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Bank director announces printing of new SDG 500 notes

March 4 - 2019 KHARTOUM
Royal Jordanian Airlines plane (file photo)
Royal Jordanian Airlines plane (file photo)

Printing 500 Sudanese Pound banknotes is posed as a solution to the ongoing economic crisis, as another international airline pulls flights to country due to ‘poor economic feasibility’.

The Director of the Central Bank of Sudan Dr Mohamed El Zubeir announced on Sunday that the paper would arrive in time for printing 500 Pound notes on Tuesday. These notes are expected to be distributed in the third week of March.

He reported that banks have been receiving money on a daily basis for distribution, with more than three billion Pounds reaching banks over the past few days.

According to the Director, 200 million Pounds are delivered each day for withdrawal from ATMs across the country. He stressed that this is done to provide for the needs of citizens and is a relative breakthrough according to official statistics.

Radio Dabanga has been reporting for months that banks across Sudan have limited cash withdrawals.

Airlines pull-out

In reaction to the economic situation in Sudan, Royal Jordanian Airlines announced that it will halt all flights to Khartoum from Friday, March 1. Royal Jordanian Airlines Director General for Information and Communication, Basil Kilani, attributed the move to the poor economic feasibility of continuing to operate flights to Sudan.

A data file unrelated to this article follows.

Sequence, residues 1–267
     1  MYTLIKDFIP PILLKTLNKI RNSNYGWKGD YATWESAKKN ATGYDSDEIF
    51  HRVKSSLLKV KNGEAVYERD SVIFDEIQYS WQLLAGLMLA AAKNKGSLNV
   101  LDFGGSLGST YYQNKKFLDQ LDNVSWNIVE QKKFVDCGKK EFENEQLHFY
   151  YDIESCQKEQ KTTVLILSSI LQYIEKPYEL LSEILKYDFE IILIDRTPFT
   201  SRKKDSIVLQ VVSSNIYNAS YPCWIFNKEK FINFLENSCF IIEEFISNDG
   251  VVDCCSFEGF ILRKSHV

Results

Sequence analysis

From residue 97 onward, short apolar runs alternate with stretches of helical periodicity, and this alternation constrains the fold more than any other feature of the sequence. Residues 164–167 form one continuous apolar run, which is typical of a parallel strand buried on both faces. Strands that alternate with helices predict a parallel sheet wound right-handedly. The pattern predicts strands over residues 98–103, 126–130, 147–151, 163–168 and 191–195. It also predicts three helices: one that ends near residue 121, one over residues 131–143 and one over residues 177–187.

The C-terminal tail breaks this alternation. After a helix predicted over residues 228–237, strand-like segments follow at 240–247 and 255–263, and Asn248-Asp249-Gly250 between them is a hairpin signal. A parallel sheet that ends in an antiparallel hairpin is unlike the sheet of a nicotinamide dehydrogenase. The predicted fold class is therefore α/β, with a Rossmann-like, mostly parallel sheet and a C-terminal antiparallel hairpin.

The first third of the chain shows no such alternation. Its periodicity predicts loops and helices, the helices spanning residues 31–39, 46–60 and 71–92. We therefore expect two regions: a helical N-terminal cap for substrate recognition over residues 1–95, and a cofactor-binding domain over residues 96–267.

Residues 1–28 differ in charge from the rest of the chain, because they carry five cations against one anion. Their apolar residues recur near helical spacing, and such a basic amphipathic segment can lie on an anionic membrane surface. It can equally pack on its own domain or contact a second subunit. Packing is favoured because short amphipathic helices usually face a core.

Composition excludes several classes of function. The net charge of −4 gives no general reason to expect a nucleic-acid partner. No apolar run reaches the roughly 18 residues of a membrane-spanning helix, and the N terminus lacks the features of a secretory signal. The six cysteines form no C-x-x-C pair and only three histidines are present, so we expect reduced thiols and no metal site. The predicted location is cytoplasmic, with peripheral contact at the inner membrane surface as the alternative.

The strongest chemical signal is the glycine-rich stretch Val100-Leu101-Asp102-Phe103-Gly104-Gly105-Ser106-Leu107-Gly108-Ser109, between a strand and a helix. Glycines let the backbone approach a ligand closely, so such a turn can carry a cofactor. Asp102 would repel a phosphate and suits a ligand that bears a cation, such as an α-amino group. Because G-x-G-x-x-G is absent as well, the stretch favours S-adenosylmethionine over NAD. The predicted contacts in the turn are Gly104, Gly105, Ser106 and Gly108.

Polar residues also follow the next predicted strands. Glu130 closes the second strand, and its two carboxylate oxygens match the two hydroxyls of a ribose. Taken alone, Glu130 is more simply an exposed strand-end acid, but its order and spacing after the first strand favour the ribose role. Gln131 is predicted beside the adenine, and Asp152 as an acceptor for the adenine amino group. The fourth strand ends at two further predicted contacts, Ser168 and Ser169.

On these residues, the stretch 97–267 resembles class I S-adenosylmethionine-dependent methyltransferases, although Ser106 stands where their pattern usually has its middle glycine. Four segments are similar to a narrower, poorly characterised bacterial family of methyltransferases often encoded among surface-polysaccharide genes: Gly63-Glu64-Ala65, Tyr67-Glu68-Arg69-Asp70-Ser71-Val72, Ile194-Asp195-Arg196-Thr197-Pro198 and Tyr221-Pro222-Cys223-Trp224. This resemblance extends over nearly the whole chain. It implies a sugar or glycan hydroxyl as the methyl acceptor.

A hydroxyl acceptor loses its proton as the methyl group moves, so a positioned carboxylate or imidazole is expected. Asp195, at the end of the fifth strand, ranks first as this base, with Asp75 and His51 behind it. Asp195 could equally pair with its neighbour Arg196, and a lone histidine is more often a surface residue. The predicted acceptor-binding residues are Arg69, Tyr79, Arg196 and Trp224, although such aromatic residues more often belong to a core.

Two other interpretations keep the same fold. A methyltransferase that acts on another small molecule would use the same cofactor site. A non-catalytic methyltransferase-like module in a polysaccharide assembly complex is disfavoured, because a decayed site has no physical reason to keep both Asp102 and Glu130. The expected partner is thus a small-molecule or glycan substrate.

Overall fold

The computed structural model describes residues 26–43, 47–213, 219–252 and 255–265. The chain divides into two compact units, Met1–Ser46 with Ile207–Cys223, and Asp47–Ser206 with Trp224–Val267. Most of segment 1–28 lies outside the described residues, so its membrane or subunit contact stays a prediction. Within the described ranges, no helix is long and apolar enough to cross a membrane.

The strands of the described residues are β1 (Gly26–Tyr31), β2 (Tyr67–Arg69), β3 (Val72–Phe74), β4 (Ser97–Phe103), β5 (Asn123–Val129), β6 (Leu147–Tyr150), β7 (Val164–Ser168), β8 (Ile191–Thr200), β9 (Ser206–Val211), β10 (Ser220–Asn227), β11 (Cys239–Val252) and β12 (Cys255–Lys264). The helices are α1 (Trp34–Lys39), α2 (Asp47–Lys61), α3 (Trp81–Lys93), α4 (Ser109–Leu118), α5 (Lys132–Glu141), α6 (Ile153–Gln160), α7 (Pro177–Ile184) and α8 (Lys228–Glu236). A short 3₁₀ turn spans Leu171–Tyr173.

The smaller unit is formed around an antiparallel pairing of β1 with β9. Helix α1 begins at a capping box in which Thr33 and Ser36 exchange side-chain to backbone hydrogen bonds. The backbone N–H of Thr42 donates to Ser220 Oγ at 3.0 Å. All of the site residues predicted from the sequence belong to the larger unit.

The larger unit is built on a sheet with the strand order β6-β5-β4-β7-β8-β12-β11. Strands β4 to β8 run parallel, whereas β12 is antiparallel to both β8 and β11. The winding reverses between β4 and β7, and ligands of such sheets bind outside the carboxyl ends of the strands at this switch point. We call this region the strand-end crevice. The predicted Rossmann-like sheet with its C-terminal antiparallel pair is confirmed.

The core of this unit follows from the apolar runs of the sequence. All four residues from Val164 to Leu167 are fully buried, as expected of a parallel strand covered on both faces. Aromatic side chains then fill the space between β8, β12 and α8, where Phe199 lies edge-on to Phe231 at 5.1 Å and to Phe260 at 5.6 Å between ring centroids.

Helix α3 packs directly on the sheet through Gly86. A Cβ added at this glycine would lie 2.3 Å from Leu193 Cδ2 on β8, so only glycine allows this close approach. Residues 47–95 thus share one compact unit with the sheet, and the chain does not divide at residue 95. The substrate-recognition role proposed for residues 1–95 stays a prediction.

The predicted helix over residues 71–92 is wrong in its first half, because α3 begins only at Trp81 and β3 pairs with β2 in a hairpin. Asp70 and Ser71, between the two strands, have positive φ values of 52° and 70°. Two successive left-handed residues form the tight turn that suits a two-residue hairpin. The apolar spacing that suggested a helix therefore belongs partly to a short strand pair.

Late January, Qatar Airways announced that it would cut flights to Sudan and stop selling tickets from Khartoum due to the rapid rise of the hard currency rates on the black market. More recently, Kenya Airways took the same step and Gulf Air cut flights from seven to five per week.

Long-term solutions

Over the past few months, against the background of mass demonstrations against the Sudanese government, the value of the Sudanese Pound has dropped steadily against the US Dollar. Banks across Sudan have limited cash withdrawals due to a severe lack of liquidity. The printing of new currency by the Central Bank of Sudan has been necessitated by hyperinflation, coupled with a chronic shortage of hard cash.

Former Prime Minister Motaz Mousa’s policies were harshly criticised by civil society activist Ismail Mohamed last year: “The recipe for shock treatment might bear fruit in the short term, but the situation in Sudan requires medium- and long-term plans… the people are no longer capable of absorbing any shock, because prices have doubled in the past six months and are continuing to rise,” he told Radio Dabanga.


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